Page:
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Days of paper checks ending for Social Security payments

On March 1, the monthly Social Security check, a staple of America’s financial safety net since the ’30s, will disappear.

Don’t panic. It’s not the result of some sort of bureaucratic sleight-of-hand fiscal cliffery.

It’s just that, on March 1, the U.S. Treasury Department will stop issuing paper checks for Social Security and other federal benefit payments and disburse payments instead only in the form of direct deposits to bank or credit union accounts or debit cards.

The move from paper checks to electronic fund transfers is expected to create nary a ripple of concern among the vast majority of Social Security beneficiaries, because most already receive benefit payments as direct deposits.

Still, with the impending disappearance of paper checks, the Treasury Department is making a final, last-minute push to urge benefit recipients who haven’t signed up for paperless alternatives to do so by March 1.

The move to paperless payments affects anybody who receives Social Security, Supplemental Security Income, Veterans Affairs, Railroad Retirement Board or Office of Personnel Management benefits, or black lung benefit payments from the Department of Labor. It’s been in the works for several years, and most beneficiaries seem to be taking it in stride.

“We haven’t had any phone calls about the switch,” said Barry Gold, director of government relations for AARP Nevada. “And at the national level, we’ve had very few calls about it.”

Maybe it’s procrastination, although an Internet public educational campaign that kicked off more than a year ago – visit www.godirect.org – probably had something to do with it, too.

Anyway, Walt Henderson, director of the Treasury Department’s Go Direct campaign, said about 94 percent of Social Security beneficiaries currently receive their monthly benefits in the form of direct deposits into bank and credit union accounts. But the remaining 6 percent equates to about 5 million checks nationwide, he added.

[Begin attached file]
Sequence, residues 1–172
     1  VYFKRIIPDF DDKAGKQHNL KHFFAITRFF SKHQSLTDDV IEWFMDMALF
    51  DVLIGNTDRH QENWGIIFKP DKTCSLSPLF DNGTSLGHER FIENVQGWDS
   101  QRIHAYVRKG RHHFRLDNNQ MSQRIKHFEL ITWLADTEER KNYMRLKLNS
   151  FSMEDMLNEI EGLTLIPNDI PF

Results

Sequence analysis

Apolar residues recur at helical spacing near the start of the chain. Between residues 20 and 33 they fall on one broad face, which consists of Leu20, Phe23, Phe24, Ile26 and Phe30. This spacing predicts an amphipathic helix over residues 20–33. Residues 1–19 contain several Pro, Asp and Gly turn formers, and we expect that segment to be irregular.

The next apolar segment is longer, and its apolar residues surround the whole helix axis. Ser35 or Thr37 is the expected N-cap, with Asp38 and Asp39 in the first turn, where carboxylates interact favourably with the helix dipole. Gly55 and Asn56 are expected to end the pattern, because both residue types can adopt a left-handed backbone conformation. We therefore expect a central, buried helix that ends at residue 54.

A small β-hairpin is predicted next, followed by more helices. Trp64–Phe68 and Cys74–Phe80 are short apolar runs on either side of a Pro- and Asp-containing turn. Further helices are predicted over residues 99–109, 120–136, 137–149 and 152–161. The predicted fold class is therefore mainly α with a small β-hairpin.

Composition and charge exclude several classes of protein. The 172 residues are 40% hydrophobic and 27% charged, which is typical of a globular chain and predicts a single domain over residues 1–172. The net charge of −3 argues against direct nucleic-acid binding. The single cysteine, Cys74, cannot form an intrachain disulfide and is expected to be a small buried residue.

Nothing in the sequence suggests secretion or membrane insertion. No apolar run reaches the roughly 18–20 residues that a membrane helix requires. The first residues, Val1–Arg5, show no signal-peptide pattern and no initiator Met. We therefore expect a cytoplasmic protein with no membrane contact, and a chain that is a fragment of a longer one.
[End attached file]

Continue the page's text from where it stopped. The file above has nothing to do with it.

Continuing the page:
“We are encouraging them to switch over by March 1, 2013,” he said.

Electronic benefit transfers are nothing new for federal benefit recipients. Henderson said the Treasury Department has been promoting direct deposit for more than 25 years.

“So people have been voluntarily signing up for direct deposit,” he said. “But this specific direct deposit requirement we started in 2011.”

In January 2011, the Treasury Department was issuing about
11 million paper checks to beneficiaries each month, Henderson noted, and “we have managed over the past two years to cut that down to 5 million.”

Direct deposits are a tried and proven way of receiving your funds, he said, offering both convenience – consumers may access their funds immediately, rather than waiting for a check to clear – and security.

According to the Treasury Department, more than 540,000 Social Security and SSI checks were reported lost or stolen during the 2010 fiscal year, nearly 50,000 checks issued that same year were altered or fraudulently endorsed, and about 1.3 million people annually report having problems with paper checks.

For the past two years, new beneficiaries haven’t had the option of receiving paper checks.

“Even now, when you apply for Social Security for the first time, you really don’t have a choice,” Henderson said. “You have to sign up for direct deposit to a bank or credit union account, or have something called a Direct Express card.”